In November, the International Chess Federation (FIDE) made a bold move as it became the first global sports association to step into the space.
An Introduction to ChessNFT
In an official announcement, the FIDE confirmed the launch of its dedicated NFT marketplace. The platform, called ChessNFT, eventually came to life at the end of November and is now fully functional.
By launching its NFT marketplace, the FIDE is looking to generate some buzz among many of its members who might also be interested in these assets and the potential that they have. The association partnered with TON Labs, the core developer of the renowned FreeTON Network, to build the marketplace and launch it.
In part, the press release explained that the FIDE is looking to get things up and running ahead of the World Chess Championship 2021, which should take place between November 24 and December 16 at the Expo 2020 Dubai.
By moving into the NFT space, the FIDE explained that it hoped to “welcome a new crypto demographic” by offering a way of gamifying “iconic match moments, unique collectibles, chess-related art” and more. The NFTs available on ChessNFT will use a new variation of NFT technology called TrueNFTs. These tokens store the actual media files on a blockchain, instead of just offering a way of accessing content that is stored and hosted elsewhere.
ChessNFT will allow people to purchase tokens through fiat currency and digital assets. This is a huge deal that could pave the way for broader crypto adoption in the coming months.
Sports Warming Up to Crypto
Chess has been making some impressive inroads towards the crypto industry. Besides FIDE, Magnus Carlsen, the reigning world chess champion, made headlines in October after he received an NFT version of a trophy he won.
Carlsen had won the Meltwater Champions Chess Tour (MCCT), and the tournament went on to mint several NFT trophies and collectibles as a means of keeping some of the most iconic moments in the game. Carlsen walked away with one of the NFTs, expressing his excitement with news sources. As the champion explained, the crypto ecosystem has supported virtual chess tournaments a great deal.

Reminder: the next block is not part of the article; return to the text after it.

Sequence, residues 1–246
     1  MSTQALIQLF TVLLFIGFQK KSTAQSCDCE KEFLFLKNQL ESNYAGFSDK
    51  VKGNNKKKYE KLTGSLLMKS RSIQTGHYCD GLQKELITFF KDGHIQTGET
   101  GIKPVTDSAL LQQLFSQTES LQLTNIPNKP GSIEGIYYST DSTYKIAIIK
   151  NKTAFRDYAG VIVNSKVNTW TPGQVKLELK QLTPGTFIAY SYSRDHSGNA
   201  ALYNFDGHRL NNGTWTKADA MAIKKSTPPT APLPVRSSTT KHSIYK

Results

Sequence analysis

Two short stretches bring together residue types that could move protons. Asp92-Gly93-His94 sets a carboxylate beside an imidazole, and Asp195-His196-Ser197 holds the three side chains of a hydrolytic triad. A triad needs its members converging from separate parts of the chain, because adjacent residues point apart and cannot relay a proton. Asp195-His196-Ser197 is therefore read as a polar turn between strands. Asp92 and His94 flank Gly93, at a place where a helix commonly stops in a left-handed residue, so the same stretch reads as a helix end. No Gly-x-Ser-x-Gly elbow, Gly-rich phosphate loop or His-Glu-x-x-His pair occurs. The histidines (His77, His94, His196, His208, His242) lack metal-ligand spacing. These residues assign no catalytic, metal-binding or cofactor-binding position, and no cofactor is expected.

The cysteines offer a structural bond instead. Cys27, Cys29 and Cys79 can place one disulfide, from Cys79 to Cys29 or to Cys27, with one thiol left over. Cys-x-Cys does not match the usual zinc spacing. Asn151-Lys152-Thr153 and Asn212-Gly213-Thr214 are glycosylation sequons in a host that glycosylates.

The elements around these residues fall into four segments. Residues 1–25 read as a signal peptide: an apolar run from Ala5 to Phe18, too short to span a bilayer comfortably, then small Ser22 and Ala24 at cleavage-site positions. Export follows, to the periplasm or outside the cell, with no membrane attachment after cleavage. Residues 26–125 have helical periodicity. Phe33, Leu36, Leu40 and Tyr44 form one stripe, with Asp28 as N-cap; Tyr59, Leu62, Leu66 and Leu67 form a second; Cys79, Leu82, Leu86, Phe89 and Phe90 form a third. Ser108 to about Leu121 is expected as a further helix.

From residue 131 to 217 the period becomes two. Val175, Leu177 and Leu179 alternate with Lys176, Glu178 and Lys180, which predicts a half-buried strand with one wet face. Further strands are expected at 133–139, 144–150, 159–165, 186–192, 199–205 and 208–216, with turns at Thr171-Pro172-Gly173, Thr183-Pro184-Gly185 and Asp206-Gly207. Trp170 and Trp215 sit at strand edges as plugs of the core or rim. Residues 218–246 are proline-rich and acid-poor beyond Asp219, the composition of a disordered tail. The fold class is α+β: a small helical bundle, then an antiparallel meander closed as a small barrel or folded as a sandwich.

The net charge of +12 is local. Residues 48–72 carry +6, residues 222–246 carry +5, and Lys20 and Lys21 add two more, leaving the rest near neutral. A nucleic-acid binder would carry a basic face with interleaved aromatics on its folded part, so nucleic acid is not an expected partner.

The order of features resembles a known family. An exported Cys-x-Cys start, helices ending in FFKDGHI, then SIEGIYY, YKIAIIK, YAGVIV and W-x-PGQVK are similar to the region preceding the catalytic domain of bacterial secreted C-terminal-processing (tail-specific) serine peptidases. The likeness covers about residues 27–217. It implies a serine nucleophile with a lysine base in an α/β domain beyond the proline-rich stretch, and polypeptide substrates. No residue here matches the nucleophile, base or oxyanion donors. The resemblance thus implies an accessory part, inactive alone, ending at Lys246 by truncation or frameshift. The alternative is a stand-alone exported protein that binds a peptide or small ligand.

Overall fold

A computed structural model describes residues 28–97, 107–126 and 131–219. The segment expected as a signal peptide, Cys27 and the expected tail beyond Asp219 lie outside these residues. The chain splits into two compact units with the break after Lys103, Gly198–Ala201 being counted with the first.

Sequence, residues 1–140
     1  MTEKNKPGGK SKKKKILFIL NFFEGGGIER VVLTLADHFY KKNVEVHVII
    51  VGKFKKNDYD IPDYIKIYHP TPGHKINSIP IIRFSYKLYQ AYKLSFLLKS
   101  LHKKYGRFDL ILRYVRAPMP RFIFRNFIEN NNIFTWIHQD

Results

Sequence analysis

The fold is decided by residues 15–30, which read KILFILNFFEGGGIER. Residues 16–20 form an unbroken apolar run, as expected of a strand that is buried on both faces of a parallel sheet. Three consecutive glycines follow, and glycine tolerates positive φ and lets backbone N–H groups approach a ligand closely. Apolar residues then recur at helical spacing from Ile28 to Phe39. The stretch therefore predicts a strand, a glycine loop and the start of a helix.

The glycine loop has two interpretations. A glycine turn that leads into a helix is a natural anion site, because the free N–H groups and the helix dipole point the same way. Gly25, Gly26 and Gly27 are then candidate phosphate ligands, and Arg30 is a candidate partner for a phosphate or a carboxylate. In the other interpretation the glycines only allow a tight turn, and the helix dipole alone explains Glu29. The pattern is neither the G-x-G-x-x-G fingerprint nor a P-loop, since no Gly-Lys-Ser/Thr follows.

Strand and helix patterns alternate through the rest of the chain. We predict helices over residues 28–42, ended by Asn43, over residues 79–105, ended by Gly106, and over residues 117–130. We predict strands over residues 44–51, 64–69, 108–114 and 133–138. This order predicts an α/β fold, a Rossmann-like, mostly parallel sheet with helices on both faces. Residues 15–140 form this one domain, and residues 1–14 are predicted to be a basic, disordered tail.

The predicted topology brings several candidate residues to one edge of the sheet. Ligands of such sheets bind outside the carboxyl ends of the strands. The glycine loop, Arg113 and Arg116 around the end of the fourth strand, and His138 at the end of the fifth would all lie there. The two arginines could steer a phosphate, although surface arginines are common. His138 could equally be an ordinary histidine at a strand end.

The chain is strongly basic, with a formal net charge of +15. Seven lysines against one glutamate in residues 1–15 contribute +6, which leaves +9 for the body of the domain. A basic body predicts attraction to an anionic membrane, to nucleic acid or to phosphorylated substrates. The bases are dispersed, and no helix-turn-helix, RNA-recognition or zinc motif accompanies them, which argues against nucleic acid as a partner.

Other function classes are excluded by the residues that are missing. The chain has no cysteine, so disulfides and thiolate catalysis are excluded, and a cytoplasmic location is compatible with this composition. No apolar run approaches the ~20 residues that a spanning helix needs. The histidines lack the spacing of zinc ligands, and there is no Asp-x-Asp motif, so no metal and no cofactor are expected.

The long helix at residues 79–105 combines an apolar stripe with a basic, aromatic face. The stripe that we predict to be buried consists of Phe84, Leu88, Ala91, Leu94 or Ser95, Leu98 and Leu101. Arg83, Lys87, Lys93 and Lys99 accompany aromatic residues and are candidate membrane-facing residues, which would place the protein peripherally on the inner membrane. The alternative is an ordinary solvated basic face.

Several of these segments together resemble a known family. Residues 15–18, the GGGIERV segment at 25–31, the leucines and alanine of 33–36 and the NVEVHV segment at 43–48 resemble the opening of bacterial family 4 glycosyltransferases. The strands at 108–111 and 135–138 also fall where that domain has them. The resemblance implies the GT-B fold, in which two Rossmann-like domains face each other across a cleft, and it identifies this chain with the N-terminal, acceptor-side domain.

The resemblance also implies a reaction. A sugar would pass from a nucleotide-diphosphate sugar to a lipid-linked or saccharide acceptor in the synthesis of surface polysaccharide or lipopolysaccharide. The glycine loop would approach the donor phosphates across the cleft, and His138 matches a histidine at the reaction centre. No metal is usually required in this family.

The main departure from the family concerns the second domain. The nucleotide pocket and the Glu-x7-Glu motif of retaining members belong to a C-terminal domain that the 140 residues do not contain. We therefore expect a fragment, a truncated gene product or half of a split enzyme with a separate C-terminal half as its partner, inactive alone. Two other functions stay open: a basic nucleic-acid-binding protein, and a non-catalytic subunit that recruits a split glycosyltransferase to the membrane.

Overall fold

“NFTs help the chess community celebrate great moments and possibly also reward those that have already invested so much time in growing the game. With Chess Champs, this is just getting started and I look forward to seeing it evolve,”
Two identical versions of the trophy had actually been minted on the Ethereum blockchain, with Carlsen signing them digitally after he won the tourney. The second trophy NFT was sold off for 6.88 ETH – about $25,000 at the time.
There is no doubt that chess and NFTs could do a lot for each other. At the very least, NFTs can indeed offer an opportunity for chess organizations and players to reach more fans.
Sports Crypto Adoption
Interestingly, chess appears to be moving slowly when it comes to sports and crypto adoption. Other sports – including teams, leagues, and players – have been much quicker when adopting crypto as many of them see this fledgling industry as the way forward as far as finance goes.
Weeks ago, Crypto.com – one of the top exchanges in the world – made a shocking announcement that it had purchased the naming rights for the Staples Center in Los Angeles. Following the rumored $700 million deal, the iconic location will be renamed the “Crypto.com Arena” from December 25th.
Staples Center is the home of the Los Angeles Lakers, Los Angeles Clippers, the Los Angeles Sparks of the WNBA, and the Los Angeles Kings of the NHL. The location draws hundreds of thousands of visitors daily, and it will now be a crypto monument.
Besides the renaming, Odell Beckham Jr. of the Los Angeles Rams in the NFL has also confirmed that he will receive his first salary in Bitcoin. The wide receiver is expected to earn about $4.25 million this season, and he now joins a host of players who have opted to get their salary in Bitcoin instead of traditional cash.
It’s Not All Perfect
Of course, it is worth noting that not every sports deal has been successful. In the past few weeks, FC Barcelona and Manchester City FC – two of the biggest and most valuable sports brands in the world – have cancelled their sponsorship deals with crypto companies. FC Barcelona cancelled a deal with Ownix – an NFT marketplace – after both partners had partnered to launch collectibles and other materials to engage with the fans.
Moshe Hogeg, one of Ownx’s principal consultants, was recently arrested and charged with multiple crimes – including fraud and assault. Ownix has been quick to deny any ties to Hogeg, but the deed is done and the Barcelona deal is gone.
On the other hand, Manchester City terminated its deal with 3Key – a crypto firm with questionable origins. After sources pointed out that 3Key’s business model wasn’t clear, the owners of Manchester City decided to put a hold on the deal. While they claim to be evaluating the situation, it is extremely unlikely that anything gets done to remedy it.